Alireza Jafarzdeh, The Hill, June 3, 2015
For years, the conventional wisdom has been that Iran and North Korea have long cooperated in missile technology, giving the perception of not so dangerous of an alliance. That was until last week. In yet another groundbreaking revelation, Iran’s main opposition movement, the Mujahedin-e Khalq (MEK) provided information that Iran and North Korea have been engaged in extensive exchange of information and visits by experts on nuclear weapons and nuclear warhead design, as recently as April 2015.
The MEK, based on information obtained by its network inside Iran, provided a detailed account of a visit to North Korea in 2013 by Tehran’s top nuclear weapons experts headed by elusive Mohsen Fakhrizadeh, who was present during the last nuclear test conducted by North Korea.
A seven-member North Korean delegation, comprised of experts in nuclear warhead design and various parts of ballistic missiles including guidance systems, spent the last week of April in Iran. This was the third such nuclear and missile team to visit Iran in 2015. The next delegation is scheduled to secretly arrive in Iran in June and will be comprised of nine experts, according to the same MEK sources.
That Tehran continues to closely engage with North Korea, a country that cheated its way into making a nuclear weapon, all the while pledging that it would not do so, should be an additional cause for alarm. It should be a red flag for the P5+1 countries as they continue their negotiations with Iran in Vienna and Geneva with only days left before the June 30 deadline to sign an agreement.
The Iran-North Korea nuclear cooperation is in sharp contrast to what the Iranian regime leaders are telling the world. It also explains why the Supreme Leader Ali Khamenei rejects IAEA inspections of military sites, snap inspection of all sites, and interviews with nuclear scientists.
Tehran has so far managed to largely push its missile program out of the nuclear agreement requirements, and with it its extensive nuclear cooperation with North Korea—something that was kept under the radar for years.
The North Korean nuclear experts who traveled to Iran in April stayed in a secret guesthouse, a cordoned-off eight-story building, near a Hemmat Industrial Group site in the Khojir area, northeast of Tehran. Named “Imam Khomeini Complex,” and also known as 2000 units, the site is controlled by the Ministry of Defense (MoD).
The Korean delegation’s needs were met by Center for Research and Design of New Aerospace Technology, one of seven sections of the Organization of Defensive Innovation and Research (SPND). Dr. Aref Bali Lashak, who personally dealt with the Korean delegation, heads this section.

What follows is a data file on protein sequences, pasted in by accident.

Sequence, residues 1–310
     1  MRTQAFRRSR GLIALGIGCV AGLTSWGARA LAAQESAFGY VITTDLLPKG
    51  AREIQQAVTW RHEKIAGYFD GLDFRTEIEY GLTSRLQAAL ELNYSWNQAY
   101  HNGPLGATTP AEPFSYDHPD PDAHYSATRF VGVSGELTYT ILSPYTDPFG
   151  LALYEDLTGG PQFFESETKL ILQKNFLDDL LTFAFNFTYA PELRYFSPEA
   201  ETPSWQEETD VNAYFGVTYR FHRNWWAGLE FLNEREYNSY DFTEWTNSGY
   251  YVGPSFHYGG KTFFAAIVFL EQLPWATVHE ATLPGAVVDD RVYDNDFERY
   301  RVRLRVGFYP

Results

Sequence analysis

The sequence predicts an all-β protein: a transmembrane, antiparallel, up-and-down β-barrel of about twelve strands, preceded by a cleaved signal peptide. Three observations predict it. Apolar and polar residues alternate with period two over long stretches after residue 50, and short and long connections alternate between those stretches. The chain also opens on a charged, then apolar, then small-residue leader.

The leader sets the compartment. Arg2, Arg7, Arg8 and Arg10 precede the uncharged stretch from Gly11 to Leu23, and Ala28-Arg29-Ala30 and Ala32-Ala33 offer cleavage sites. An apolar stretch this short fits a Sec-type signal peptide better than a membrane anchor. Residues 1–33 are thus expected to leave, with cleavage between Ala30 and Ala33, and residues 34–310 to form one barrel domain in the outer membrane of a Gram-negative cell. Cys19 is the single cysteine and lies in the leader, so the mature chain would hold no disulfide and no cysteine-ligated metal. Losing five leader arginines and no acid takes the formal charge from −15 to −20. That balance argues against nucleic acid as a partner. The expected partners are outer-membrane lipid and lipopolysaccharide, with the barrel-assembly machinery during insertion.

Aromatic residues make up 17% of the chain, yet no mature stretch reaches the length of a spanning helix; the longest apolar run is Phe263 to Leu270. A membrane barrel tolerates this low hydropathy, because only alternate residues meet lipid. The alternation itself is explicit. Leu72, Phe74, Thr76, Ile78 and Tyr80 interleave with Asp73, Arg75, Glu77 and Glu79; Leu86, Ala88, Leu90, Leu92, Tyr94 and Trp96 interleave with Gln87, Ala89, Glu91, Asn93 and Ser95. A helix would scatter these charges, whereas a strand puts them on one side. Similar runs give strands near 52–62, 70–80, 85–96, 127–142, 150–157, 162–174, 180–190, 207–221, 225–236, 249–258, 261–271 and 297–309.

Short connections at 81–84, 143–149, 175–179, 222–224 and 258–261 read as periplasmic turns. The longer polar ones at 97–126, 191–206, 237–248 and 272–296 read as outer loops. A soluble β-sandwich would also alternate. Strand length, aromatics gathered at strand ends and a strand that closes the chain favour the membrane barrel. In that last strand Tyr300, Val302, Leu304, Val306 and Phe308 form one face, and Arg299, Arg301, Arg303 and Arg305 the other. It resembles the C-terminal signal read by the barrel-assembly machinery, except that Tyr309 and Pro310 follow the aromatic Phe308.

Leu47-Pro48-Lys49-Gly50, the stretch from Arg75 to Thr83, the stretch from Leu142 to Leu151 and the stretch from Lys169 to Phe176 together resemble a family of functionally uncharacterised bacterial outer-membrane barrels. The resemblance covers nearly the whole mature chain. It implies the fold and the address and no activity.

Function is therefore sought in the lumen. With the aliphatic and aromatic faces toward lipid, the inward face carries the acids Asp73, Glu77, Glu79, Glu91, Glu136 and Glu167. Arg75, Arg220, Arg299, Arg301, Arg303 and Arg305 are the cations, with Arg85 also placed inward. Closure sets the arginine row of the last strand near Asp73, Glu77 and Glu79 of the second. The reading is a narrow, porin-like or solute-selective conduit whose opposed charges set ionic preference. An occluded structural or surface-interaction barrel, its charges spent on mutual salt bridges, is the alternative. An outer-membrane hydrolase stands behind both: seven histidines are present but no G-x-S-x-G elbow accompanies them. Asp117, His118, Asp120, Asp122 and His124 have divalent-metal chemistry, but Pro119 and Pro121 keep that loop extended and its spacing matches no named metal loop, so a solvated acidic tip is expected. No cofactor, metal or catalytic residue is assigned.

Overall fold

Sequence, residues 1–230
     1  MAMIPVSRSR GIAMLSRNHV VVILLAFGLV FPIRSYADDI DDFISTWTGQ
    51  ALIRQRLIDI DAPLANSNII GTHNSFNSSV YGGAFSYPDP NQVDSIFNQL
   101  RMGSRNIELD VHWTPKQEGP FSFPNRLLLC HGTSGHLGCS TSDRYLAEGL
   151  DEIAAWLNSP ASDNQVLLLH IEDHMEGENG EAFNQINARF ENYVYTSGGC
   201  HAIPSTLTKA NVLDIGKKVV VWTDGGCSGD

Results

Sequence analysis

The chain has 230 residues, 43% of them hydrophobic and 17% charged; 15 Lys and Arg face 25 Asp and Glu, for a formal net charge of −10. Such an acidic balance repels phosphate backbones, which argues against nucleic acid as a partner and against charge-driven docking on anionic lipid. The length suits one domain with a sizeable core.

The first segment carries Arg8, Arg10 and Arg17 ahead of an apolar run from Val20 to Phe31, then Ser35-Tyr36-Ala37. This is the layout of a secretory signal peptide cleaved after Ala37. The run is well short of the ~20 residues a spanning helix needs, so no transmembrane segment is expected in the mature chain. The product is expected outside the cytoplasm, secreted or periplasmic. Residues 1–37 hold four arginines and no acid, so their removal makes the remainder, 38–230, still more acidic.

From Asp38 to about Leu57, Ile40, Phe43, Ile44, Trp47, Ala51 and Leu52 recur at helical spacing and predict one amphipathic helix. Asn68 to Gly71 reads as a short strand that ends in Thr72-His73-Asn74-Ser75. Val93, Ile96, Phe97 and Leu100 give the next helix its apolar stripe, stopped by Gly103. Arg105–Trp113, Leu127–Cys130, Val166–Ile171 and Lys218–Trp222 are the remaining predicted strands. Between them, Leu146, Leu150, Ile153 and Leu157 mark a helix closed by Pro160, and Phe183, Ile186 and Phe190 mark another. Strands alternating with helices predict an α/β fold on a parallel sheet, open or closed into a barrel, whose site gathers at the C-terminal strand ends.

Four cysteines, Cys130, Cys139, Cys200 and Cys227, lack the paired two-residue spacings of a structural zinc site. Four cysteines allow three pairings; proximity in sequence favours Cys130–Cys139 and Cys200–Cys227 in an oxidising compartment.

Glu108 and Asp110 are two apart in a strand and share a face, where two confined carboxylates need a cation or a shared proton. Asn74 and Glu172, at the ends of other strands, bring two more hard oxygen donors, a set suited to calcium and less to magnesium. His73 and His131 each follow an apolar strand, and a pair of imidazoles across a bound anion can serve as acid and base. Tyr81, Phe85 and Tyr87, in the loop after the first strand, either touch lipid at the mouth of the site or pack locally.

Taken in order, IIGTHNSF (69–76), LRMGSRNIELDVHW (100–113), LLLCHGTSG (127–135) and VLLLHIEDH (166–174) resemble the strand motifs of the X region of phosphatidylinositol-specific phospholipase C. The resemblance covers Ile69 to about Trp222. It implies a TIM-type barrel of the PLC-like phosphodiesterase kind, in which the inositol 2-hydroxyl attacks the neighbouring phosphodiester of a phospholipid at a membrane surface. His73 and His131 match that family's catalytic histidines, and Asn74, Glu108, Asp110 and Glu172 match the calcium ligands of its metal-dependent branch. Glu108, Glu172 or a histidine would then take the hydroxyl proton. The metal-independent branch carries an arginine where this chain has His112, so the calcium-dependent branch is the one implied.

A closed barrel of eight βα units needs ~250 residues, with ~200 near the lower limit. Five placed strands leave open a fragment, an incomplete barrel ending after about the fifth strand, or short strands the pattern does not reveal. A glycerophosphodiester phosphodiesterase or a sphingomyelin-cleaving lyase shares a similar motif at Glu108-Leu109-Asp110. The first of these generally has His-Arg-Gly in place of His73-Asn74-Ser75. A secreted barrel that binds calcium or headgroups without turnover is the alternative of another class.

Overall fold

The North Korean delegation dealt with this section of SPND whose responsibility is electronics area of research and manufacturing interior parts of nuclear warhead. The visit’s arrangements were made by the Directorate of Coordination of the Iranian Ministry of Defense (MoD), headed by Brigadier General Nassorllah Ezati and the Directorate of Inspections of the MoD headed by IRGC Brigadier General Alireza Tamizi.
While there were earlier reports about Fakhrizadeh’s presence during the North Korean’s 2013 nuclear test, a two-year investigation by the Iranian opposition shows that Fakhrizadeh had gone to North Korea for the nuclear test through China under the alias “Dr. Hassan Mohseni.”
Fakhrizadeh, the head of SPND and the key figure in activities concerning the military dimensions of the regime’s nuclear program, is a Brigadier General of the IRGC, with whom the IAEA has repeatedly requested interviews, but to no avail.
The MEK first exposed the formation of SPND in July 2011 and the State Department placed it on its sanctions list in August 2014.
According to the Iranian opposition reports, during the North Korean visit, Fakhrizadeh, accompanied by two other SPND nuclear experts, stayed in Hotel Koryo in Pyongyang and spent only two hours at the Iranian regime’s embassy. To keep his visit a secret, Mansour Chavoshi, Tehran’s Ambassador to Pyongyang, personally welcomed Fakhrizadeh and facilitated his communications and exchanges with North Korean officials.
The stunning detailed information provided by the MEK is further indication that the drive to acquire nuclear weapons remains at the core of the Iranian regime’s program as nuclear negotiations continue.
North Korea’s nefarious connection once again proves that after three decades of concealment and deception, adding six or nine months to the nuclear breakout time as a result of the P5+1 negotiations will not lead to a lasting solution. Washington needs to rethink its strategy in dealing with the Iranian regime; a strategy that would eliminate, not delay, the regime’s ability to build the bomb, because Tehran consistently shows that it must not be trusted. Any nuclear agreement with Tehran, which would leave open a pathway to the nuclear bomb, must be rejected. To that end, Congress might have its biggest role to play.